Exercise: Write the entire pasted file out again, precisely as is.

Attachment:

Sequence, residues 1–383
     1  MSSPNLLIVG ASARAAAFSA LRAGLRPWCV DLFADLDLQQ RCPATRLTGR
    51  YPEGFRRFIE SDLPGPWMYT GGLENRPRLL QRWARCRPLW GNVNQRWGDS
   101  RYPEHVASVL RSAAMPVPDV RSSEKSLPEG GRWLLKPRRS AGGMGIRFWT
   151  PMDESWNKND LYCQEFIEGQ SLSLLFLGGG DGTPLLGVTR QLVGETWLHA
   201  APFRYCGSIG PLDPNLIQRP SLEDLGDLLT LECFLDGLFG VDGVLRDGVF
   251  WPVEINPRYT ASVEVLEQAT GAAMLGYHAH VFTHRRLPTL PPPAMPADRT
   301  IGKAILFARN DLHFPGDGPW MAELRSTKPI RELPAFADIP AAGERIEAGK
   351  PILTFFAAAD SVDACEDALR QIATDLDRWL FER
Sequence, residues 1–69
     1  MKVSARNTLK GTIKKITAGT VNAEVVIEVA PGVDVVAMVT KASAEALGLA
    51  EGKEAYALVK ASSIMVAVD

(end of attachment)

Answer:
Sequence, residues 1–383
     1  MSSPNLLIVG ASARAAAFSA LRAGLRPWCV DLFADLDLQQ RCPATRLTGR
    51  YPEGFRRFIE SDLPGPWMYT GGLENRPRLL QRWARCRPLW GNVNQRWGDS
   101  RYPEHVASVL RSAAMPVPDV RSSEKSLPEG GRWLLKPRRS AGGMGIRFWT
   151  PMDESWNKND LYCQEFIEGQ SLSLLFLGGG DGTPLLGVTR QLVGETWLHA
   201  APFRYCGSIG PLDPNLIQRP SLEDLGDLLT LECFLDGLFG VDGVLRDGVF
   251  WPVEINPRYT ASVEVLEQAT GAAMLGYHAH VFTHRRLPTL PPPAMPADRT
   301  IGKAILFARN DLHFPGDGPW MAELRSTKPI RELPAFADIP AAGERIEAGK
   351  PILTFFAAAD SVDACEDALR QIATDLDRWL FER
Sequence, residues 1–69
     1  MKVSARNTLK GTIKKITAGT VNAEVVIEVA PGVDVVAMVT KASAEALGLA
    51  EGKEAYALVK ASSIMVAVD